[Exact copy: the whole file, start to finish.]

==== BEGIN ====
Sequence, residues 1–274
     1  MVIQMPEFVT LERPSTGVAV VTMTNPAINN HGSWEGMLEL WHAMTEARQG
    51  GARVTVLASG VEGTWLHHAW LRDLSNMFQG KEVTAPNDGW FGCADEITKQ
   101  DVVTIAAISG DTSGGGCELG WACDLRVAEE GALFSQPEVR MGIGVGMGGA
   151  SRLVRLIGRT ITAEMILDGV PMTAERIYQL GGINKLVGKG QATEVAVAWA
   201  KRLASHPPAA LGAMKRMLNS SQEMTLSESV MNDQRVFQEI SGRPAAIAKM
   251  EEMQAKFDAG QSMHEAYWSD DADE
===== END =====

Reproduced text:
Sequence, residues 1–274
     1  MVIQMPEFVT LERPSTGVAV VTMTNPAINN HGSWEGMLEL WHAMTEARQG
    51  GARVTVLASG VEGTWLHHAW LRDLSNMFQG KEVTAPNDGW FGCADEITKQ
   101  DVVTIAAISG DTSGGGCELG WACDLRVAEE GALFSQPEVR MGIGVGMGGA
   151  SRLVRLIGRT ITAEMILDGV PMTAERIYQL GGINKLVGKG QATEVAVAWA
   201  KRLASHPPAA LGAMKRMLNS SQEMTLSESV MNDQRVFQEI SGRPAAIAKM
   251  EEMQAKFDAG QSMHEAYWSD DADE